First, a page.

The Royal Air Force (RAF) and Army Air Corps, based in Malaya, provided multi-role air support to emergency operations. This was either as an independent force of the operation, or in direct cooperation with forces on the ground. There were six facets to the availability of air support:
1.Photographic air reconnaissance facilitated informed planning and execution of anti-terrorist operations. An extensive air survey was conducted of the heavily populated areas, and active photographic tactical air cover made available. Light fixed-wing aircraft of the Army Air Corps were used for routine visual air reconnaissance, and had an active role target marking for RAF airstrikes.
2.Offensive air support was also multi-role. Due to restricted ground visibility from the air because of the very thick jungle canopy, the RAF had to rely heavily on pinpoint target coordinates from the ground forces for airstrikes to be effective. In the event of targets covering an extended area, but also dependent on target identification from the ground, bombers could lay down a deadly pattern to neutralise guerrillas positions. Often, an RAF representative would participate in the planning and implementation of ground operations in an advisory capacity when air support was included.
3.The supply of rations, ammunition and general supplies was essential to maintain sustained jungle operations. The terrain and general absence of a serviceable road network made the role of air supply critical for the success of prolonged counter-insurgency operations in the Malayan jungles.
4.For the same reasons, inaccessible areas of jungle required deployment of troops by air – light aircraft and medium helicopters. It also allowed for improved effectiveness as the troops could be deployed quicker and closer to the enemy.
5.Casualty evacuation by helicopter saved the lives of many a soldier wounded in action or suffering from some debilitating tropical disease. The medical exfiltration by this means enabled ground troops to continue with their operations, rather than having to evacuate a casualty by foot.
6.The dissemination of anti-Communist propaganda by air was also deemed useful, although problematic to quantify in absolute terms. Aerial leaflet drops or voice broadcasts formed an integral part of the psychological warfare during the emergency. As RAF planes continue to drop pamphlets throughout Malaya, Communists have intensified their propaganda warfare. Kluang police station in Johore yesterday received a bundle of Communist leaflets saying ‘Down with the British’ and promising ‘Death for the running dogs of the British’.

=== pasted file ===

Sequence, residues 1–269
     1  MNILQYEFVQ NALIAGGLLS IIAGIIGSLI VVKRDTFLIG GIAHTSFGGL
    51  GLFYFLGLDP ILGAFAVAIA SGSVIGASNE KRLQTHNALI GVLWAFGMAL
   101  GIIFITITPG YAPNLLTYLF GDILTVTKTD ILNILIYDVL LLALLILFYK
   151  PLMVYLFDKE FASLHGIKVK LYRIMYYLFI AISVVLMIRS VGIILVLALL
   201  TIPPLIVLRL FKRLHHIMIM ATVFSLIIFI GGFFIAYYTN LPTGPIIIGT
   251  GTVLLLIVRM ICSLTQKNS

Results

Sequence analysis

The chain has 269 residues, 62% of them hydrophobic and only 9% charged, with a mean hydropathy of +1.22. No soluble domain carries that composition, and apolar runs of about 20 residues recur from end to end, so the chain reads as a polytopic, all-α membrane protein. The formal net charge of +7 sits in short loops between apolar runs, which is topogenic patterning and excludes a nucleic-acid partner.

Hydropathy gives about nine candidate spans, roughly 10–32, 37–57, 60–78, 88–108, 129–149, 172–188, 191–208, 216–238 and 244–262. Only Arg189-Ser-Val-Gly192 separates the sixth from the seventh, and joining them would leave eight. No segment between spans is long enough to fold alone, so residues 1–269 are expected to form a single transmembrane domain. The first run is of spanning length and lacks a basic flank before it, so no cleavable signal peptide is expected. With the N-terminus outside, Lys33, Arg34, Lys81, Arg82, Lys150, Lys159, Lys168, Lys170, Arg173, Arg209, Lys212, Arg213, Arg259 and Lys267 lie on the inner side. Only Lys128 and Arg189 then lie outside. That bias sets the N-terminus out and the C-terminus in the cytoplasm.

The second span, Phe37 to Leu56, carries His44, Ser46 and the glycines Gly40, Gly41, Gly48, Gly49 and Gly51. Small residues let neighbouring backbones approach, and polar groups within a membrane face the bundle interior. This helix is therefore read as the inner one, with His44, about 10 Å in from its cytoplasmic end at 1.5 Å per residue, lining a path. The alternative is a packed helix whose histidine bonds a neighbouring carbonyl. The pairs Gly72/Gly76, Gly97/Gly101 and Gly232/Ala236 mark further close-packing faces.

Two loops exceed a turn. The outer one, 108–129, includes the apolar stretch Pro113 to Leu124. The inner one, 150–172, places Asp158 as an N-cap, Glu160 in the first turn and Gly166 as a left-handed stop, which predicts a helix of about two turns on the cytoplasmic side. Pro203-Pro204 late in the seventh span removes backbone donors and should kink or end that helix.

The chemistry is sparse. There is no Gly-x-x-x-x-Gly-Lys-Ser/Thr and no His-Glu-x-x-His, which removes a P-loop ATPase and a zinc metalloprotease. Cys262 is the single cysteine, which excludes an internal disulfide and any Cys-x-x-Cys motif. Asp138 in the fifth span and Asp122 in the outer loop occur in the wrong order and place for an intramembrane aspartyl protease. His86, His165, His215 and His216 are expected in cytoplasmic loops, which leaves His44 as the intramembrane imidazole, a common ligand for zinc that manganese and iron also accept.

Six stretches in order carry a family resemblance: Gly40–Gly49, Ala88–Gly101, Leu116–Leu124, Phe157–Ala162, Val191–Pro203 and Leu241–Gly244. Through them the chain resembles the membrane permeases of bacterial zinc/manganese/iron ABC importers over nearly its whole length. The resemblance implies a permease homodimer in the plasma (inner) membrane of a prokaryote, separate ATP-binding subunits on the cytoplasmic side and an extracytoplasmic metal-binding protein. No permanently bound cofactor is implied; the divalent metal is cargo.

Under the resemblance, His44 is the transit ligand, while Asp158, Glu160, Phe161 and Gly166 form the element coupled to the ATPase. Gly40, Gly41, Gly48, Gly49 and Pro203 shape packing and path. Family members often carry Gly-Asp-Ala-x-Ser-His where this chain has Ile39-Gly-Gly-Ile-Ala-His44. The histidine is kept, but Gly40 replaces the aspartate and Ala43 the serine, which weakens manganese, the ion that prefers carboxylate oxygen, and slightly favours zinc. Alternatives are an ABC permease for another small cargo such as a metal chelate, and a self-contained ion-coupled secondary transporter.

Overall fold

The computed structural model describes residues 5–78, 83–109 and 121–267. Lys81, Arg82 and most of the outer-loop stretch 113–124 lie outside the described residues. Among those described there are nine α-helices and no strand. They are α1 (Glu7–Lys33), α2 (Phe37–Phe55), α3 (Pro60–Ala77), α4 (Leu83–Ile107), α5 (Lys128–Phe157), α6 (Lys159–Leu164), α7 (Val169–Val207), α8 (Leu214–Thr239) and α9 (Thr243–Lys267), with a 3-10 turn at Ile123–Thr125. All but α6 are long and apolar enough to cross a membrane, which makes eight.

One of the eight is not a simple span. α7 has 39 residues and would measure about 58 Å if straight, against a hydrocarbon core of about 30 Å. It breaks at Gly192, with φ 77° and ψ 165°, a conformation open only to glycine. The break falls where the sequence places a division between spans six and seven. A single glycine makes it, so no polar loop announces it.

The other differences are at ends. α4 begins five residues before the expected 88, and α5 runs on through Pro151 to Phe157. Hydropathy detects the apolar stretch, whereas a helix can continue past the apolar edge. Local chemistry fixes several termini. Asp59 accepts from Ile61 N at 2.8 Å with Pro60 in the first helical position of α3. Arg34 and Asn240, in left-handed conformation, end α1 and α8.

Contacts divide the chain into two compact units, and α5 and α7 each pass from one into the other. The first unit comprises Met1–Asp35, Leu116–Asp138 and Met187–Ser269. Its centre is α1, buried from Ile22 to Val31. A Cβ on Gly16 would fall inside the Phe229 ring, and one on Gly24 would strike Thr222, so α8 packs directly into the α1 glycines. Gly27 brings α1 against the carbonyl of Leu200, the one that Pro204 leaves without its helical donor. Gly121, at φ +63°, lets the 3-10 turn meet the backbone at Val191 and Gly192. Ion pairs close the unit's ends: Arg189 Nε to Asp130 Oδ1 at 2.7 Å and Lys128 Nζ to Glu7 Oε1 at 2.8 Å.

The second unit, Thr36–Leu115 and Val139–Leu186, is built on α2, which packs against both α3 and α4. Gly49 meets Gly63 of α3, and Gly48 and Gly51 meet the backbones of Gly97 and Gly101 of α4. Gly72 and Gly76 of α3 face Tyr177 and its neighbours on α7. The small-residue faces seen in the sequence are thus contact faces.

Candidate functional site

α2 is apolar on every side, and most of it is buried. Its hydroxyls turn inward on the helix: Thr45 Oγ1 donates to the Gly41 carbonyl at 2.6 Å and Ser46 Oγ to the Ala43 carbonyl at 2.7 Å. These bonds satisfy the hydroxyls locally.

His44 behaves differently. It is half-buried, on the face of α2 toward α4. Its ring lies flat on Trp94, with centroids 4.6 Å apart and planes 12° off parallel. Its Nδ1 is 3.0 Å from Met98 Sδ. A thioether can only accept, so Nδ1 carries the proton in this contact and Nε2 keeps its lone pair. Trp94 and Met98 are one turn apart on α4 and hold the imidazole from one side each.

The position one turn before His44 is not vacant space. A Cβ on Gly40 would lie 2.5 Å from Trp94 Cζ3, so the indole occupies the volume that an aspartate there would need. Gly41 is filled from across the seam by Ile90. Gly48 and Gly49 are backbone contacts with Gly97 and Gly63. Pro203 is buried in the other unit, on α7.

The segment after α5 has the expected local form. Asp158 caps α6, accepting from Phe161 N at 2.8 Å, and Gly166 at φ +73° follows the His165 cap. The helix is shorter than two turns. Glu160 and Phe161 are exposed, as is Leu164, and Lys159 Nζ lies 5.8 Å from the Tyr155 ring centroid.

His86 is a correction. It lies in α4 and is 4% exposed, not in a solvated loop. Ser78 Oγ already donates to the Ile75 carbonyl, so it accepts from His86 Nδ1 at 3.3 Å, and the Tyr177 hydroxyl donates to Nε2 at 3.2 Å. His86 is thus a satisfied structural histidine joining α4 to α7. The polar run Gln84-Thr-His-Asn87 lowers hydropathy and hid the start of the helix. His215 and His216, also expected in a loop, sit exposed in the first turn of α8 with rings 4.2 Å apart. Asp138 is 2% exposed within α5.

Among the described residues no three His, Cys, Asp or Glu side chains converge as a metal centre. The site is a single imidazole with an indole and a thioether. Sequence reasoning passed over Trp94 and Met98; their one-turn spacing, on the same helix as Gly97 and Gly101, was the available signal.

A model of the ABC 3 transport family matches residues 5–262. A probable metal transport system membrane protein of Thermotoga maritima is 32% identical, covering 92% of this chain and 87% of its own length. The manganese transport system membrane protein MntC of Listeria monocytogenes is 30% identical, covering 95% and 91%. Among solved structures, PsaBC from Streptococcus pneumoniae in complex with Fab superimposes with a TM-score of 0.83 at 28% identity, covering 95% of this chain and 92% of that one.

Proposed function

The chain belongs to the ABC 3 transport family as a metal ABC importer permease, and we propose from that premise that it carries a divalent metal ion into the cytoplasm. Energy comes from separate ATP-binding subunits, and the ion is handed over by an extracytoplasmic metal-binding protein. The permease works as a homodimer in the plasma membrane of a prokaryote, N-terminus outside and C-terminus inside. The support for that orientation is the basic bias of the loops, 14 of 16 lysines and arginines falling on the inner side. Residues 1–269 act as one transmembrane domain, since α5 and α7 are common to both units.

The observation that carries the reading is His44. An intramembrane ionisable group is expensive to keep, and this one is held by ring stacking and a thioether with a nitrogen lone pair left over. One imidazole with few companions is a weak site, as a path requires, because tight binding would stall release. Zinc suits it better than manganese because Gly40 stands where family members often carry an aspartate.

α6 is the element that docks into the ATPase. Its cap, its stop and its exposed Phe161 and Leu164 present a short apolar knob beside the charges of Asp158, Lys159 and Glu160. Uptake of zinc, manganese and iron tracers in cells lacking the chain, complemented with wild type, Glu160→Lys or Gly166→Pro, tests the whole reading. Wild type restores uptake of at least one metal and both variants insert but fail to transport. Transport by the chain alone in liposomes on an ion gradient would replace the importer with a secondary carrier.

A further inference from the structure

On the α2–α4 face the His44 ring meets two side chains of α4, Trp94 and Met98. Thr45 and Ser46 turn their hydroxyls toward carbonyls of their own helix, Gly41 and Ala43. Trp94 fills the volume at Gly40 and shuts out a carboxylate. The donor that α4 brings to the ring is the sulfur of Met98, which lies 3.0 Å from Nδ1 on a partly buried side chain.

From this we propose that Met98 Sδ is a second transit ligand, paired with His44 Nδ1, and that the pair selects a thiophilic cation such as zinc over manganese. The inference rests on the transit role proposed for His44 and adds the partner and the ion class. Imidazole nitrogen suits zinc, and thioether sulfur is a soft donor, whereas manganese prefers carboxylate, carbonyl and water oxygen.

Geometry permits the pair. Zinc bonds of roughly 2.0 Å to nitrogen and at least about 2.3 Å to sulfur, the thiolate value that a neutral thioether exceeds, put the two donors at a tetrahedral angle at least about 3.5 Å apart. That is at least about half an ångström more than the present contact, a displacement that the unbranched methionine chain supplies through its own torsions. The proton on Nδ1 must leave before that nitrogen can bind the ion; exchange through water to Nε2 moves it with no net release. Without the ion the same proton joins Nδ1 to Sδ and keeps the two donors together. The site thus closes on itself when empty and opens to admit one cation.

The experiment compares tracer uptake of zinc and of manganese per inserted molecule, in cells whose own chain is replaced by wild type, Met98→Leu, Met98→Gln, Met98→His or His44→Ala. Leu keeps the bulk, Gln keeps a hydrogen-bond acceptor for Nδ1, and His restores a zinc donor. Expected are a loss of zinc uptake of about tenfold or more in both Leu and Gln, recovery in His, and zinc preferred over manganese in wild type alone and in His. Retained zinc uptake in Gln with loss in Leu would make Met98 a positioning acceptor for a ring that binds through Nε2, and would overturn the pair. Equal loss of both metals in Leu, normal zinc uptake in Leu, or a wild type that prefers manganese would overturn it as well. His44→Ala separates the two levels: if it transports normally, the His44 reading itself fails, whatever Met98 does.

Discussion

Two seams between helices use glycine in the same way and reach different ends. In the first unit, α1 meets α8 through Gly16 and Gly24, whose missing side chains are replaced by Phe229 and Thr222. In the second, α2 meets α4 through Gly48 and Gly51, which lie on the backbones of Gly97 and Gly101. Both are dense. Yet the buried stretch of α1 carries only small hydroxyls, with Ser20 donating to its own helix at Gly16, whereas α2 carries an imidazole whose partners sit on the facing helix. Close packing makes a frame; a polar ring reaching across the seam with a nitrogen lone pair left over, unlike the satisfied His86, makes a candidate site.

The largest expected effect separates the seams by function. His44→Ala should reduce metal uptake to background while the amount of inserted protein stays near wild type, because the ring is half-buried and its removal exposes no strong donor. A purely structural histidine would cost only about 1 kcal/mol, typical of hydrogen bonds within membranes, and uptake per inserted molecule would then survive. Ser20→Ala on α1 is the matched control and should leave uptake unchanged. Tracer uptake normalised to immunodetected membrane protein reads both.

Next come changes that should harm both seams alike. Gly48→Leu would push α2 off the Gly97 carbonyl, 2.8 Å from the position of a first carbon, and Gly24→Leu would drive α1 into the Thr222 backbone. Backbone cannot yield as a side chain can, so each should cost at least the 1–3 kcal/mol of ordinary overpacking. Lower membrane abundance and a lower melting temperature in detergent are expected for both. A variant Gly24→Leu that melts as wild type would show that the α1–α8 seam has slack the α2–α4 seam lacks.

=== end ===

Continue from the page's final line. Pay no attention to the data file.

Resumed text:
Around twenty squadrons from Britain’s Far East Air Force served during the emergency, flying English Electric Canberra bomber and reconnaissance aircraft, Spitfire FR-18s and -19s, Beaufighter TF-10s, de Havilland Mosquitos, Vampires and Venoms, Gloster Meteors, Percival Pembrokes, Scottish Aviation Pioneers, Taylorcraft Austers, Sunderlands Mk Vs (RAF Kai Tak, Hong Kong, and RAF Seletar, Singapore), Avro Lincolns, Westland Whirlwind helicopters, Bristol Sycamores, Douglas Dakotas, Vickers Valettas and Sikorsky helicopters.
The Royal Australian Air Force squadrons contributed Avro Lincoln heavy bombers (Butterworth air base), Canberra bombers, Dakota transports and CAC Sabre jet fighters; and from the Royal New Zealand Air Force, Vampires, Venoms, Dakotas, Bristol Freighters and Canberras.
Ships from the Royal Navy, such as HMS Amethyst, Comus, Defender, Hart, Newcastle and Newfoundland, conducted coastal anti-smuggling and anti-piracy operations, and were used for amphibious landings into inaccessible areas near the coast. Naval vessels also provided bombardment of targeted CT areas.
Naval support also came from Australia – destroyers Warramunga and Arunta, aircraft carriers Melbourne and Sydney, and Commonwealth Strategic Reserve forces destroyers Anzac, Quadrant, Queenborough, Quiberon, Quickmatch, Tobruk, Vampire, Vendetta and Voyager. The Royal New Zealand Navy’s frigate, HMNZS Pukaki complemented coastal patrols.
BRITISH TROOPS FIGHT BANDITS IN MALAYA
Troops of the Dorsetshire Regiment using machine guns today aided Malayan police in a dawn action against Chinese gangsters. The Chinese had attacked police at Nyor village, five miles from Lluang, in Jahore State. Two gangsters were killed and five wounded. A British sergeant was injured by a hand grenade.